I have complained before on this blog about the fact that the manner in which short stories have generally been published in this country militates against the kind of reading that many short stories require. Many short stories need to be read as what Hensher calls 'exquisite singularities', and not 'as a chapter between chapters' in a collection. In recent years of course, we have had the market-driven rise of collections of linked short stories, in which individual stories are most supremely subsumed to the whole. Such collections have their charms, but I think they have pushed out the kind of short stories that are off-the-wall original and can't be repeated - which indeed the greatest short stories often are. As Hensher says, due to economic considerations, 'we don't publish books in the way they were conceived,' and this has been especially true for the short story.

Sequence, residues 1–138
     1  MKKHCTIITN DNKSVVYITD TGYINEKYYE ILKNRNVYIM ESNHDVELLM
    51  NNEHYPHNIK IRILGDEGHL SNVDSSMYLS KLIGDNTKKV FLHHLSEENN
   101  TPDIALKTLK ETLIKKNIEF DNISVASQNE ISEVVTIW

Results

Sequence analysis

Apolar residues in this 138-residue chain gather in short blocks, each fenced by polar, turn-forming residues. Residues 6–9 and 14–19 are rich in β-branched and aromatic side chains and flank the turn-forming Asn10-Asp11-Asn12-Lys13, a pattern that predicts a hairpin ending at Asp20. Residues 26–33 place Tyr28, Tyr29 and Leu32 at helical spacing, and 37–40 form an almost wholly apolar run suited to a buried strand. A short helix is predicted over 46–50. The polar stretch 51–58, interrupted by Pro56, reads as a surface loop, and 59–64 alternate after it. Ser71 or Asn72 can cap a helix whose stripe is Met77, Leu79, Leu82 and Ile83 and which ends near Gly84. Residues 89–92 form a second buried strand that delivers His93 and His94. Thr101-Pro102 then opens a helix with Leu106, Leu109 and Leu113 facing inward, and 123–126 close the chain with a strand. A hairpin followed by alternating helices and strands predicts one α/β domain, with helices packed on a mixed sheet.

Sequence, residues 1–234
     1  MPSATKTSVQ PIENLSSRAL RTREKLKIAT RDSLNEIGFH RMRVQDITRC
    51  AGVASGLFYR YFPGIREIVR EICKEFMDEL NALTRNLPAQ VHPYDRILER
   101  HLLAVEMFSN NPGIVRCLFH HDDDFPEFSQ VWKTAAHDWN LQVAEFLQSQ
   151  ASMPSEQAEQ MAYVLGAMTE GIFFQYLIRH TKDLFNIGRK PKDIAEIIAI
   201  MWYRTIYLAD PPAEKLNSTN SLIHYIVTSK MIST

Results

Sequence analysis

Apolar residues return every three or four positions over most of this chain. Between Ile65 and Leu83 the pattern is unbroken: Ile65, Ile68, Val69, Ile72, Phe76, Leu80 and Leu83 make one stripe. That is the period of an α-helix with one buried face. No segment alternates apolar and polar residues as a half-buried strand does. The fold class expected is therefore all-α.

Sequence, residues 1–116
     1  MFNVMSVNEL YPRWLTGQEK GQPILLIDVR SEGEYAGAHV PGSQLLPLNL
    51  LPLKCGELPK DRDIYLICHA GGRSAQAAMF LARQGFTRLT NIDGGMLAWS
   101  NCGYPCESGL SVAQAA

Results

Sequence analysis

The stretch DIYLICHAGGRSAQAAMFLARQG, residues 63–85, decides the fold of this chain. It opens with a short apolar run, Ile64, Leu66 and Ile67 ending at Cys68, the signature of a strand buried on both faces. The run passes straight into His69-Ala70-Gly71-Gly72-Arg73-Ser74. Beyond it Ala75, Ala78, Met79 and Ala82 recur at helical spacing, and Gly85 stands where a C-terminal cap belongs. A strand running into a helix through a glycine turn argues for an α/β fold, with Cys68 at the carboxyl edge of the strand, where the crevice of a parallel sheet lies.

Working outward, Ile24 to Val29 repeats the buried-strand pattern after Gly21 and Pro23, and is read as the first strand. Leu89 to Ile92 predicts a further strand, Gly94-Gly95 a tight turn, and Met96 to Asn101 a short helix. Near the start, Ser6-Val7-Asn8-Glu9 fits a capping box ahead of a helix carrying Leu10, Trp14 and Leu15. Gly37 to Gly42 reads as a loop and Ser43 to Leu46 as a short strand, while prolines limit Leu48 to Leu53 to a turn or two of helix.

Saturday, November 02, 2013
Philip Hensher hopes that Penguin's issue of a single short story by Zadie Smith as a hardback and ebook indicates that we are 'at the beginning of a golden age of possibility, where writers can write at whatever length they choose'. I'm not quite sure sure that, as one commenter on the Guardian site points out, Penguin putting out what amounts to a Christmas-market taster from a novelist with Smith's profile is an indication of this, but I do hope, like Hensher, that the rise of the ebook is causing a sea-change in our attitude to the short story.